Acoustic waves with very low frequencies are called infrasound. These waves are below the frequency band audible to the human ear, which typically ranges from 20 to 20,000 Hertz.
Infrasound is produced by a variety of natural and non-natural sources: exploding volcanoes, earthquakes, meteors, storms and auroras in the natural world; nuclear, mining and large chemical explosions, as well as aircraft and rocket launches in the human arena.
Both atmospheric and shallow underground nuclear explosions can generate infrasound waves that may be detected by the infrasound network. Infrasound technology can therefore help to identify a nuclear explosion in the atmosphere, and can work in synergy with seismic technologies to detect and analyse a possible underground test.
Infrasonic waves cause minute changes in the atmospheric pressure which are measured by microbarometers. Infrasound has the ability to cover long distances with little dissipation, which is why infrasound monitoring is a useful technique for detecting atmospheric nuclear explosions.
The first observation of naturally occurring infrasound ever recorded with instruments was in the aftermath of the 1883 eruption of the Krakatoa volcano in Indonesia. Infrasonic waves circled the globe at least seven times, shattering windows hundreds of miles away and were recorded worldwide.
How the infrasound monitoring network works
The IMS infrasound network is the only global monitoring network of its kind. When fully operational, this network will consist of 60 array stations situated strategically in 35 countries around the world.
All 60 infrasound stations in the IMS network employ infrasound array systems. Each array contains four or more array elements arranged in different geometric patterns, a meteorological station, a central processing facility and a communication system for the transmission of data.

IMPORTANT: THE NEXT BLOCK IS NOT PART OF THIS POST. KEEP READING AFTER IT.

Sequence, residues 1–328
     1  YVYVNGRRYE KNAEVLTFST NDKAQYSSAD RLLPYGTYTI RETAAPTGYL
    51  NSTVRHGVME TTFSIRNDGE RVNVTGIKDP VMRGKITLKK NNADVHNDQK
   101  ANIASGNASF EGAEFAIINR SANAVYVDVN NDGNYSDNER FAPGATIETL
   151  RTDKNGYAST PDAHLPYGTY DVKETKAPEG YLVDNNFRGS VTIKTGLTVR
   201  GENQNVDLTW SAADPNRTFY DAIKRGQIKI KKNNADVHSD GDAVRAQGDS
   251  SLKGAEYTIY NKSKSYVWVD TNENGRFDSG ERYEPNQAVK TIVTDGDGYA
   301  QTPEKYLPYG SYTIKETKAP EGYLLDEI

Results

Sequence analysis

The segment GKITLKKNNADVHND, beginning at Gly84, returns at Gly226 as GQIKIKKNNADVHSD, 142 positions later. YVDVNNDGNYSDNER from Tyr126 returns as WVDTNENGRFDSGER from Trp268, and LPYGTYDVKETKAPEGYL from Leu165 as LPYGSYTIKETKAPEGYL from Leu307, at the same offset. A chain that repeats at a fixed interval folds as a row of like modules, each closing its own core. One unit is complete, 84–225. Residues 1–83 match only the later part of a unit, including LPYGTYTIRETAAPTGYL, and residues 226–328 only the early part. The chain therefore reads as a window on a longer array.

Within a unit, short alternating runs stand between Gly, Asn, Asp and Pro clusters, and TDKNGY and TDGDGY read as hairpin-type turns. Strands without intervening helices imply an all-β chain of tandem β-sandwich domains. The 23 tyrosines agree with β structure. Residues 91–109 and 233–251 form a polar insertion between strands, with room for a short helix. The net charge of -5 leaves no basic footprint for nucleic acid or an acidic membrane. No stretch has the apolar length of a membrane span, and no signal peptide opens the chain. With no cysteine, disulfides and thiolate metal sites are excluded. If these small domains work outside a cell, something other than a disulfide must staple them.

It is imperative to select locations with the lowest possible background noise in order to improve the signal’s reception. Infrasound stations are therefore built well away from natural sources of acoustic noise like coastal and windy areas, and from human sources of acoustic noise like airports, major highways, industrial centres and other types of human settlements.
Although stations exist in a wide variety of environments, ranging from equatorial rainforests to remote wind-swept islands and arctic ice shelves, an ideal site for deploying an infrasound station is in dense forest that protects it from prevailing winds.
A greater number of array elements results in a higher signal-to-noise ratio, which means that the signal can be identified better against the surrounding noise. Stations with a larger number of array elements are usually built in areas that are exposed to strong winds.
Each array element includes a wind noise reducing system made up of several pipe structures connecting inlet ports to a summing chamber or manifold. Infrasound waves arriving at the ports pass through the pipes to the manifold, which is connected to a microbarometer located in the centre of the element. The microbarometer measures changes in the air’s micropressure that are produced by infrasonic waves.
Sources of infrasound.
Anak Krakatau - the child of Krakatoa.
The explosion at a London oil depot in December 2005 was recorded at infrasound station IS26 in Freyung, Germany.
Arrays of infrasound station IS49, Tristan da Cunha, United Kingdom.
Infrasound station IS21, Marquesas Islands, France.
Possible configurations of infrasound arrays.
Configuration of array element with pipe structures to reduce wind noise.
Inlet ports of noise reducing pipe array at infrasound station IS07, Warramunga, Australia.